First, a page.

To determine whether inhibition of FAK signaling prevented stretch-induced secretion of VEGF, control cells (neither stretched nor infected with adenovirus) were incubated for 1 hour in conditioned medium obtained from GFP-FRNK–infected cells that had been stretched for 1 hour. The stretch-conditioned medium from GFP-FRNK–infected cells had no effect on Cx43 expression, indicating that secretion of chemical signals during stretch was blocked (Figure 6B). To determine whether GFP-FRNK–infected cells remained sensitive to the effects of VEGF, infected cells were incubated with exogenous VEGF for 1 hour. As shown in Figure 6B, Cx43 expression was increased to roughly the same extent as that in uninfected cells subjected to stretch. Taken together, these results indicate that stretch-induced upregulation of electrical and mechanical junction proteins is mediated by FAK. Inhibition of FAK signaling prevents stretch-induced VEGF secretion but does not block the ability of exogenous VEGF to upregulate Cx43.
Src Kinase Pathways Regulate Expression of Mechanical Junction Proteins
To elucidate pathways downstream from FAK that regulate expression of mechanical junction proteins, we incubated cells with the specific src kinase inhibitor PP2. As shown in Figure 7A, PP2 blocked stretch-induced upregulation of mechanical junction protein expression. In contrast, PP2 did not block stretch-induced upregulation Cx43 expression, nor did it prevent upregulation of Cx43 by VEGF or inhibit stretch-induced secretion of chemical signals that upregulated Cx43 when conditioned medium from cells stretched in the presence of PP2 was applied to control cells (Figure 7B).
The results of this study show that cardiac myocytes respond to brief intervals of pulsatile stretch by upregulating expression of cell–cell junction proteins and forming more mechanical junctions. Mechanical load leads to enhanced expression of cell–cell junction proteins via outside-in integrin signaling mediated by activation of FAK. However, distinctly different signaling pathways downstream of FAK are responsible for upregulating Cx43, the principle gap junction protein of ventricular myocytes and plakoglobin, desmoplakin, and N-cadherin, proteins that form desmosomes and adherens junctions responsible for mechanically linking cardiac myocytes. As previously shown,5 Cx43 is upregulated by VEGF, which is secreted by cells in response to stretch and acts in an autocrine fashion to increase Cx43 expression and promote formation of more gap junctions. Here, we show that VEGF secretion is dependent on FAK activation, but inhibition of FAK signaling does not affect upregulation of Cx43 expression induced by exogenous VEGF. In contrast, upregulation of mechanical junction protein expression is not mediated by VEGF or any other chemical signaling molecules secreted into the culture medium during stretch. Instead, intracellular-signaling pathways downstream of FAK and involving src kinase are responsible. Previously, we showed that pulsatile stretch for 1 hour increased total Cx43 content as well as Cx43 immunoreactive signal at gap junctions,5,10 thus implicating increased synthesis and/or decreased degradation of Cx43. It is not known whether the increased immunoreactive signals for plakoglobin, desmoplakin, and N-cadherin at cell–cell junctions following stretch reflect a similar increase in protein content or, rather, mobilization of intracellular protein and its assembly into new junctions. In either case, however, our results show that cardiac myocytes respond to stretch by assembling more gap junctions and adhesion junctions, but expression of electrical and adhesion junctions proteins and their assembly into junctional organelles is regulated by disparate pathways.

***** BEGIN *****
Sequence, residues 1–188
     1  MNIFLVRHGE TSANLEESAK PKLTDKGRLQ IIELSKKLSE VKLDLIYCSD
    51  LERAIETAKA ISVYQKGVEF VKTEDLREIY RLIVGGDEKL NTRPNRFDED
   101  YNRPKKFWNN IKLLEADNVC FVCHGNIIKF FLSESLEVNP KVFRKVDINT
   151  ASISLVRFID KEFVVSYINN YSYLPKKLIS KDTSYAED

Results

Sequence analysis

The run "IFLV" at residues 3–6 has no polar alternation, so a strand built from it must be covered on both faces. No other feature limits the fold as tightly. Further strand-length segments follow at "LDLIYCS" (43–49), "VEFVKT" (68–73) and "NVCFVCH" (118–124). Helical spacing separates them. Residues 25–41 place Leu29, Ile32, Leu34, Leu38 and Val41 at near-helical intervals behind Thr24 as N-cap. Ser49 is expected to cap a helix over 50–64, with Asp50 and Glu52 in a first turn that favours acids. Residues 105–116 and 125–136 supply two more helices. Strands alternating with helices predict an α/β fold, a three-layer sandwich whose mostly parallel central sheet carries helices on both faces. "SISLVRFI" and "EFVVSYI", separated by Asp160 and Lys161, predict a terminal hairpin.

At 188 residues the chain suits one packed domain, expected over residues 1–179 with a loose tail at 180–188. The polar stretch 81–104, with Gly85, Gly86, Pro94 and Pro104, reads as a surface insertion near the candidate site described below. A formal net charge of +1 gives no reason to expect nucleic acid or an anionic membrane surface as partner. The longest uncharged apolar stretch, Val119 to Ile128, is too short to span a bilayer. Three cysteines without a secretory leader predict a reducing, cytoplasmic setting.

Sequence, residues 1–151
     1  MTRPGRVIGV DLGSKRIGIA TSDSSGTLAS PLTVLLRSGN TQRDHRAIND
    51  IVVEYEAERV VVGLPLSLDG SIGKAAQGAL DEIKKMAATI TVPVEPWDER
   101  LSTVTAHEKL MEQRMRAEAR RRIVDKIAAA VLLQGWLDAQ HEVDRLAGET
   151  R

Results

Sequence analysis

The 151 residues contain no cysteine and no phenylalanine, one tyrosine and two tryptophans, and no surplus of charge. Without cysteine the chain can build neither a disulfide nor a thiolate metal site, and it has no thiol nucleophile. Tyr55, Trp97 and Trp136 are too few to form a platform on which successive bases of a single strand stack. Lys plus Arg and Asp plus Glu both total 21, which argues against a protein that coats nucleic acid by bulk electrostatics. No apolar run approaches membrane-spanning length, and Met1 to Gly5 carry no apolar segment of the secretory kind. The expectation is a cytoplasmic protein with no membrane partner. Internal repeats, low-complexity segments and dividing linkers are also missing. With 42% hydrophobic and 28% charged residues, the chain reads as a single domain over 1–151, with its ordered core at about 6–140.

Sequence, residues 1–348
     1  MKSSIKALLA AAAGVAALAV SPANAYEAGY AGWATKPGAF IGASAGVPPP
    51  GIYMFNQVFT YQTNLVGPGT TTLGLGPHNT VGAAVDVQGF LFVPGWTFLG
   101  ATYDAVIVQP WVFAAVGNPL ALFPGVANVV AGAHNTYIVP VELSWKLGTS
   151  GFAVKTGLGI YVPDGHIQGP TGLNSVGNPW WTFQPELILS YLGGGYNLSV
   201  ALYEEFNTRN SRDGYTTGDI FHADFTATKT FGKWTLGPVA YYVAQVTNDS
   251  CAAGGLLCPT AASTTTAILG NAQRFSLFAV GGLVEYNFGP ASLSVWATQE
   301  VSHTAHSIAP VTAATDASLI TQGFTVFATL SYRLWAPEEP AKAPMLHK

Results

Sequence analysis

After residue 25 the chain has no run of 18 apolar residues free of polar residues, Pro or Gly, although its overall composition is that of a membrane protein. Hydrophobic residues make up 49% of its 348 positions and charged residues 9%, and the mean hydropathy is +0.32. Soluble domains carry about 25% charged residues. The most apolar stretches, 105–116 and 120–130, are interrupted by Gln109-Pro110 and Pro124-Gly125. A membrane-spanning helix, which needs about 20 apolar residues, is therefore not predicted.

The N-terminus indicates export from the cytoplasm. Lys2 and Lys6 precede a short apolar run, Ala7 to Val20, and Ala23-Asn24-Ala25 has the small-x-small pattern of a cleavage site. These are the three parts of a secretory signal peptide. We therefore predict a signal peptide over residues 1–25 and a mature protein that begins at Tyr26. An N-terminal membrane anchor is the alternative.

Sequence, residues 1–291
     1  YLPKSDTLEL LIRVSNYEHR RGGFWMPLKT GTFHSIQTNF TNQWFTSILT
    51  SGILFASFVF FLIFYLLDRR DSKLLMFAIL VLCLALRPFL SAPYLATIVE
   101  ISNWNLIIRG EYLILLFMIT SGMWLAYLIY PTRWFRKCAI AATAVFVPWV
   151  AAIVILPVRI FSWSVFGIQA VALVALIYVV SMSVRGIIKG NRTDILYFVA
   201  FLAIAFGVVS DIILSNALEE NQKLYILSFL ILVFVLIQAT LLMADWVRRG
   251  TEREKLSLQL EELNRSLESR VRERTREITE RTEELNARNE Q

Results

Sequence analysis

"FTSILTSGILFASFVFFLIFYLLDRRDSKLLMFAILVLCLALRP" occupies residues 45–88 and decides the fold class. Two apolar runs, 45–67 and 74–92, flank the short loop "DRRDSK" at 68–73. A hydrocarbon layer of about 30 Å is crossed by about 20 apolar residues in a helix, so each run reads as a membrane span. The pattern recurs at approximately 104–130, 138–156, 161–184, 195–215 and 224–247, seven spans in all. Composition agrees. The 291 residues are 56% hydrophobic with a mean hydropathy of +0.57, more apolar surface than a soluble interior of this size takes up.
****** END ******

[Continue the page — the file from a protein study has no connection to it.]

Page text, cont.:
Previous studies have focused on the effects of mechanical stretch on cell–cell junction protein expression. For example, Cowan et al11 showed that both stretch and fluid shear stress increased expression of Cx43 in cultured vascular smooth muscle cells. Wang et al12 applied cyclical mechanical stress (20%) to cultured neonatal rat cardiac myocytes and observed increased expression of Cx43 protein and mRNA. And recently, Matsuda et al13 showed that neonatal cardiac myocytes became aligned in the direction of stretch when stretch was applied early after cell seeding but not at later time points. However, transfection of cells with a dominant-negative N-cadherin restored the ability of cells to align in the direction of stretch at later times after seeding, thus implicating N-cadherin as a determinant of cellular plasticity in response to stretch.